The level of information provided will always be subject to slight variations based on operational advice.
The future of the control order regime
On 26 January 2011 I made a statement to Parliament setting out the Government’s intention to replace control orders with a less intrusive and more targeted regime of terrorism prevention and investigation measures. Legislation to achieve this will be introduced in due course. Additional resources for covert investigative techniques will be made available to complement the new system. The full control order regime will continue to operate until the replacement measures are in force. I have now renewed the powers in the 2005 Act until 31 December 2011, following the debates in the House of Commons on 2 March and in the House of Lords on 8 March.
The exercise of the control order powers in the last quarter
As explained in previous quarterly statements, control order obligations are tailored to the individual concerned and are based on the terrorism-related risk that individual poses. Each control order is kept under regular review to ensure that the obligations remain necessary and proportionate. The Home Office continues to hold control order review groups (CORGs) every quarter, with representation from law enforcement and intelligence agencies, to keep the obligations in every control order under regular and formal review and to facilitate a review of appropriate exit strategies. During the reporting period, no CORGs were held in relation to the orders in force at the time. This is because meetings were held just before, and are due to be held just after, the reporting period. Other meetings were held on an ad hoc basis as specific issues arose.
During the period 11 December 2010 to 10 March 2011, two non-derogating control orders were made, with the permission of the court, and served. One non-derogating control order was made, with the permission of the court, and revoked without ever being served following the identification of an administrative error. A further non-derogating control order was made in respect of the same individual, with the permission of the court, but was not served during the reporting period. Two control orders have been renewed in accordance with section 2(6) of the 2005 Act in this reporting period.
In total, as of 10 March, there were 10 control orders in force, all of which were in respect of British citizens. All of these control orders were non-derogating. Three individuals subject to a control order were living in the Metropolitan Police Service area; the remaining individuals were living in other police force areas.
One set of criminal proceedings for breach of a control order was concluded during this reporting period following a CPS decision that prosecution was no longer in the public interest.
During this reporting period, 53 modifications of control order obligations were made; 21 requests to modify control order obligations were refused.
Section 10(1) of the 2005 Act provides a right of appeal against a decision by the Secretary of State to renew a non-derogating control order or to modify an obligation imposed by a non-derogating control order without consent. No appeals have been lodged with the High Court during this reporting period under section 10(1) of the 2005 Act. A right of appeal is also provided by section 10(3) of the 2005 Act against a decision by the Secretary of State to refuse a request by a controlled person to revoke their order or to modify any obligation under their order. During this reporting period two appeals were lodged with the High Court under section 10(3) of the 2005 Act. In one of these appeals, an interlocutory application for an injunction was also made, seeking an order staying the effect of the modification until a full hearing had taken place and judgment handed down.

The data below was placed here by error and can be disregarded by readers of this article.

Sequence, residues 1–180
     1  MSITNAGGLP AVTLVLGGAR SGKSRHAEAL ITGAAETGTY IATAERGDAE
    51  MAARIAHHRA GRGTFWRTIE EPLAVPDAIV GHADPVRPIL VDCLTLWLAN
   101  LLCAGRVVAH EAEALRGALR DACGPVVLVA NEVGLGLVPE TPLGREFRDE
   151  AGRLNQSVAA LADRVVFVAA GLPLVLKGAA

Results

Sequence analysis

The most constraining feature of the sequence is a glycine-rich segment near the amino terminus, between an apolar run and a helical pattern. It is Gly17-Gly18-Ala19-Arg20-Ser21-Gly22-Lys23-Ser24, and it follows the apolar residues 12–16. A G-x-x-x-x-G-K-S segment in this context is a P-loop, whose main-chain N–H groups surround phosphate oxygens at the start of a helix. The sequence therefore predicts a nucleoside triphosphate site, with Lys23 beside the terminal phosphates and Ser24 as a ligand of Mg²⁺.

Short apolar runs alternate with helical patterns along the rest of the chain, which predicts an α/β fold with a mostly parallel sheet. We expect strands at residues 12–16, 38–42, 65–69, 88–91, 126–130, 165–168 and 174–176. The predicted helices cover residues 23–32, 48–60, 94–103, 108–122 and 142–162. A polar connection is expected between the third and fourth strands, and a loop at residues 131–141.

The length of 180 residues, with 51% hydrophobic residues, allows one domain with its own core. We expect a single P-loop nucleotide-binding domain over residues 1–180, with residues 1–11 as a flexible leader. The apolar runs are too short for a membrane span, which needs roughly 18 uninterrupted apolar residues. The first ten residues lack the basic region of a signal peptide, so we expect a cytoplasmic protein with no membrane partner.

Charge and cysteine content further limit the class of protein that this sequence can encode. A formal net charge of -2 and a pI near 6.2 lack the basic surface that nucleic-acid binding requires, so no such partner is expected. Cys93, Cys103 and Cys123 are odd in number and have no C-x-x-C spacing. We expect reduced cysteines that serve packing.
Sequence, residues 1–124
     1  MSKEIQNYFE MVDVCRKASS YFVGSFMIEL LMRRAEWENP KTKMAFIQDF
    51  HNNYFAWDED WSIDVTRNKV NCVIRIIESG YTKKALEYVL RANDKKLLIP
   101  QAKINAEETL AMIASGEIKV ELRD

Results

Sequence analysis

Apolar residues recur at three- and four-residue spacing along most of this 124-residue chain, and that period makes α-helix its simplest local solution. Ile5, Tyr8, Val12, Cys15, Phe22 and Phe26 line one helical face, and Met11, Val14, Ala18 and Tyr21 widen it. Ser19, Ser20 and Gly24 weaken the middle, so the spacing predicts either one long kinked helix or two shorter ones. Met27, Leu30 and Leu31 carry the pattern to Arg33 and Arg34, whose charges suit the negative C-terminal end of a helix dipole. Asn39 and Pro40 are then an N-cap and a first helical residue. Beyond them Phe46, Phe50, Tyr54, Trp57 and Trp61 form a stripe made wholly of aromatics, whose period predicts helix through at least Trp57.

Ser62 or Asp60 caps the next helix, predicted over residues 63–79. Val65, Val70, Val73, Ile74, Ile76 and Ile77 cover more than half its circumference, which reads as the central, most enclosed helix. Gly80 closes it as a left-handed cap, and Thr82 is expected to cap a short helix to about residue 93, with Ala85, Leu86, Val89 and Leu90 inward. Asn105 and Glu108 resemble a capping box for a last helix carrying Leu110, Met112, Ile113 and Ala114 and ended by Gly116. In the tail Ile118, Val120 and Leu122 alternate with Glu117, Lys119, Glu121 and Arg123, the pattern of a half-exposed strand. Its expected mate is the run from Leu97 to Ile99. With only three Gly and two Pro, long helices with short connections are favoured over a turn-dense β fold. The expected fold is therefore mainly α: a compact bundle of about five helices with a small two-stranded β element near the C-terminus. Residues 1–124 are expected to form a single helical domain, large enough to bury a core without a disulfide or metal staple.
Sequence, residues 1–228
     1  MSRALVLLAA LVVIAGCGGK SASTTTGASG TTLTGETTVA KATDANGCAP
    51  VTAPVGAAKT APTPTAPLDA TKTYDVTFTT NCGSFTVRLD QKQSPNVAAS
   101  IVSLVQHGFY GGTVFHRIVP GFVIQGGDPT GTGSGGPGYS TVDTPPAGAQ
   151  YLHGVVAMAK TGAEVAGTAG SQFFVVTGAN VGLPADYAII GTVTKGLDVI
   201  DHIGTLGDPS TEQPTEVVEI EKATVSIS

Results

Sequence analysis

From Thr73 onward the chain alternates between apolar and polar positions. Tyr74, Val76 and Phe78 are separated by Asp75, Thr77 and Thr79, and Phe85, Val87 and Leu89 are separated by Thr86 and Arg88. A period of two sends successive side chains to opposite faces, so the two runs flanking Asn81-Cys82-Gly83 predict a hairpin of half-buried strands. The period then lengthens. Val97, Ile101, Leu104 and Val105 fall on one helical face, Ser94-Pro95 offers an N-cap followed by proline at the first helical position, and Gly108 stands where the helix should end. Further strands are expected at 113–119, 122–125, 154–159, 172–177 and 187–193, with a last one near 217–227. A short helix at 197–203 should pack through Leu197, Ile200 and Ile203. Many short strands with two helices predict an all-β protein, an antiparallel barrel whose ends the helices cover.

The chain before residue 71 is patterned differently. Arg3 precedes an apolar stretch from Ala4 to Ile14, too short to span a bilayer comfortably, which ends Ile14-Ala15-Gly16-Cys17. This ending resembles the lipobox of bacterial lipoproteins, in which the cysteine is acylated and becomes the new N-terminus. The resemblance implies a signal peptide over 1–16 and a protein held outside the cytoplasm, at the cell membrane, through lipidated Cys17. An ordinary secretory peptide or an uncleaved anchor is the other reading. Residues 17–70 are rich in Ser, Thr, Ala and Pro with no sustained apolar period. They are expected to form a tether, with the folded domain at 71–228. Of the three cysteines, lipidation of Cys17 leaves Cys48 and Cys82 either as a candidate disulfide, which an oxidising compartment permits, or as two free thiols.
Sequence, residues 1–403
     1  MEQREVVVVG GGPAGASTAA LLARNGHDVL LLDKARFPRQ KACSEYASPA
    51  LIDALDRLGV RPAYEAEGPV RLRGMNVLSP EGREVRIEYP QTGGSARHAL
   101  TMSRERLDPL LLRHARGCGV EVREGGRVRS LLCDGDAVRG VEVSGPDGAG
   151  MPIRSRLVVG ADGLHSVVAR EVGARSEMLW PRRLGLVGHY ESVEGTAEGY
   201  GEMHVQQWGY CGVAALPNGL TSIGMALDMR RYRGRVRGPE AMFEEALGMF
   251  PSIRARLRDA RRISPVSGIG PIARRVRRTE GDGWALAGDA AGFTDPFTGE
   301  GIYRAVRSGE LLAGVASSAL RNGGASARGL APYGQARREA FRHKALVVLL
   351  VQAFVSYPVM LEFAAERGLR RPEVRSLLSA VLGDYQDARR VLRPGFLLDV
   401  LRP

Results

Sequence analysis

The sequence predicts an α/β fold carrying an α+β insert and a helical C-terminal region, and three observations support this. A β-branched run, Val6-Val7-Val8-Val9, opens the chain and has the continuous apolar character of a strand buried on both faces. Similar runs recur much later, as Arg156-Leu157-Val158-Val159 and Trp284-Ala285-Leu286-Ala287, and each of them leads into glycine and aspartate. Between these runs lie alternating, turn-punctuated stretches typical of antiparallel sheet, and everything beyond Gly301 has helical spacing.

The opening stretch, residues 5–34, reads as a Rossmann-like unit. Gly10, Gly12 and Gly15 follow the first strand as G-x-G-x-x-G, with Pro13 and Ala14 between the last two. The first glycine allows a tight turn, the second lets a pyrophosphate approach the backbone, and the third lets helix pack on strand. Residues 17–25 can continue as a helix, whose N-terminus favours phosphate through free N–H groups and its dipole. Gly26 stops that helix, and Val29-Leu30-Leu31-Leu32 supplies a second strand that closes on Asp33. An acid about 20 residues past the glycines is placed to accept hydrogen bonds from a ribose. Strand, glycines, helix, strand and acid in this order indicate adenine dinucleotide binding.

One court order was made in relation to proceedings under section 10(1) of the 2005 Act during this reporting period. On 8 March 2011 the court dismissed BH’s appeal against the renewal of his control order but allowed it in so far as it related to obligations imposed by the order. The obligations were modified by agreement between the parties and annexed to the court order.
On 10 March 2011 an oral judgment was handed down in relation to the injunction application referred to above. The injunction was refused and directions were set for an expedited appeal.
Equality Act 2010: Public Sector Equality Duty
The Equality Act 2010 includes a new single public sector Equality Duty which will replace the existing race, disability and gender equality duties and will extend to also cover gender reassignment in full, age, religion or belief and sexual orientation.
The Act contains a power enabling a Minister of the Crown to make regulations imposing specific duties on public bodies listed in parts 1 (general) and 4 (cross-border authorities) of schedule 19 to the Act to enable them to carry out the Equality Duty more effectively. Following a public consultation on draft specific duties regulations which ran from August to November last year, revised draft regulations were published alongside the Government’s response to the consultation on the Government Equalities Office website on 12 January 2011.